— The United States has developed permanent waterproof materials or used in ship aircraft —
— Details description —
Recently, a new technology developed by Julie Crockett, a professor of mechanical engineering at Brigham Young University in Utah, and her colleague Dan Maynes, is a super-waterproof material that is permanently waterproof and can bounce water. Waterproofing can be achieved by adding a small structure to the surface of any object. Researchers say the technology could be applied to ships or aircraft in the future.
    Any object, whether it's a gadget or a shoe, can be waterproofed by putting them on a layer of "raincoat", but the raincoat always has to be taken off, and these items are always at risk of being wet.
    When the water drops on Professor Julie's super waterproof surface, it spreads out like a normal water drop. But unlike ordinary water droplets, this waterproof surface allows the scattered water droplets to reunite together until they bounce off the surface. She explained that the gravitational pull between water molecules is greater than the gravitational pull between the water molecules and the material, so they regain their original appearance before they pass through the material.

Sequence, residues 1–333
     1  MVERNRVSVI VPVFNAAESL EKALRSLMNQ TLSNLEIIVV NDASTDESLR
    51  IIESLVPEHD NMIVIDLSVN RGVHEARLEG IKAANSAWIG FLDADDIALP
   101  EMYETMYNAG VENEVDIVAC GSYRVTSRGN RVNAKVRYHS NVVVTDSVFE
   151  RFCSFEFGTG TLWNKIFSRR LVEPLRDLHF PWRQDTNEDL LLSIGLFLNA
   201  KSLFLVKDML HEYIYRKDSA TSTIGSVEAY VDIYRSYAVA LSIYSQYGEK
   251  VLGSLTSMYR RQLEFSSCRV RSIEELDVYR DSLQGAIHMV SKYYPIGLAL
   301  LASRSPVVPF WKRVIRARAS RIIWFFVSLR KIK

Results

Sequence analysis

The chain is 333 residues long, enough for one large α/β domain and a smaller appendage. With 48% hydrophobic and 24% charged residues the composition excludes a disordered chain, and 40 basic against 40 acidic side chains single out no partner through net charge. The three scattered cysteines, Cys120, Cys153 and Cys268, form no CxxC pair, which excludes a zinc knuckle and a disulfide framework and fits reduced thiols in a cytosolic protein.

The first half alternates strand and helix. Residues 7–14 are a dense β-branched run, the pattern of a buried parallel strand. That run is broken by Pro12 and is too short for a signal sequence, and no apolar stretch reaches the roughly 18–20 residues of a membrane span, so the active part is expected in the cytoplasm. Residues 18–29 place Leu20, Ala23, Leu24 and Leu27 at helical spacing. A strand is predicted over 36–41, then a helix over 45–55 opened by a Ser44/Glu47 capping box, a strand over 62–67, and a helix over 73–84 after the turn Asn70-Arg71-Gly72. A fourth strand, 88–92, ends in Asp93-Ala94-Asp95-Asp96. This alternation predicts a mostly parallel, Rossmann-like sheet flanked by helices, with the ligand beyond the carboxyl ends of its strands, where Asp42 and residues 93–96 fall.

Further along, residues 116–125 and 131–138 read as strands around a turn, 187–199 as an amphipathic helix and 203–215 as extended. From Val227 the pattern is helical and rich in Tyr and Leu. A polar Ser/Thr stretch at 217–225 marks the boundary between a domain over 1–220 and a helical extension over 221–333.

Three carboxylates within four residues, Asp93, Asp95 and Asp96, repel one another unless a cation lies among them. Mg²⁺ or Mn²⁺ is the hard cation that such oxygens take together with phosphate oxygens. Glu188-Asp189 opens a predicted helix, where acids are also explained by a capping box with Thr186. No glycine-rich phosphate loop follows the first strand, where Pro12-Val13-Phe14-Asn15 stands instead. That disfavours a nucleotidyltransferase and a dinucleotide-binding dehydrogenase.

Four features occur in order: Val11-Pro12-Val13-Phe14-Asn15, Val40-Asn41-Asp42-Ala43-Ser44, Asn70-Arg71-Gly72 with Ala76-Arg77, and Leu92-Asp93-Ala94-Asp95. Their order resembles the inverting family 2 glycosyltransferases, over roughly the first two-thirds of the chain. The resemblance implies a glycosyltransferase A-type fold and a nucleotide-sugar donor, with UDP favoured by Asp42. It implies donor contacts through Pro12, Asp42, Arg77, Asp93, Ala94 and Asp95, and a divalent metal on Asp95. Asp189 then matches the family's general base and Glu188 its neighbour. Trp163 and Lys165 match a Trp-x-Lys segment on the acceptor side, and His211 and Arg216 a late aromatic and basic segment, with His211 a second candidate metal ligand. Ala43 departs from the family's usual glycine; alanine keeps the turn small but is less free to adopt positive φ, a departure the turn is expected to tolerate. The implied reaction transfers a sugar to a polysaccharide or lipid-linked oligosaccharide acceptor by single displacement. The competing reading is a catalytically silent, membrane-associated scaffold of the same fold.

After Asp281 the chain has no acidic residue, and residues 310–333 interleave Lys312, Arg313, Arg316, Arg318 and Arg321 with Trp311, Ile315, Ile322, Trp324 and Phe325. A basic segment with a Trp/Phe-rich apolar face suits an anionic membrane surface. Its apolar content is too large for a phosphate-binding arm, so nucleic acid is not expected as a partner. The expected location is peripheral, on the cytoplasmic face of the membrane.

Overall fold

“Traditional waterproof materials protect the surface in the form of paints, and we have to do super waterproof surfaces, so we can't just focus on the water droplets on the surface. We are concerned about the surface water flow.”

This waterproof material is widely used:
    • Wrapped outside the solar panel to prevent it from becoming dirty, making it self-cleaning;
    • Prevent splashing of water droplets in bathrooms, toilets, water pipes, etc.
    • In the biomedical field, such as syringes for patient infusions or leaks inside some pipelines;
    • applied to the exterior of a ship's hull or torpedo and submarine;
    • Apply on aircraft wings to avoid freezing in cold or humid environments.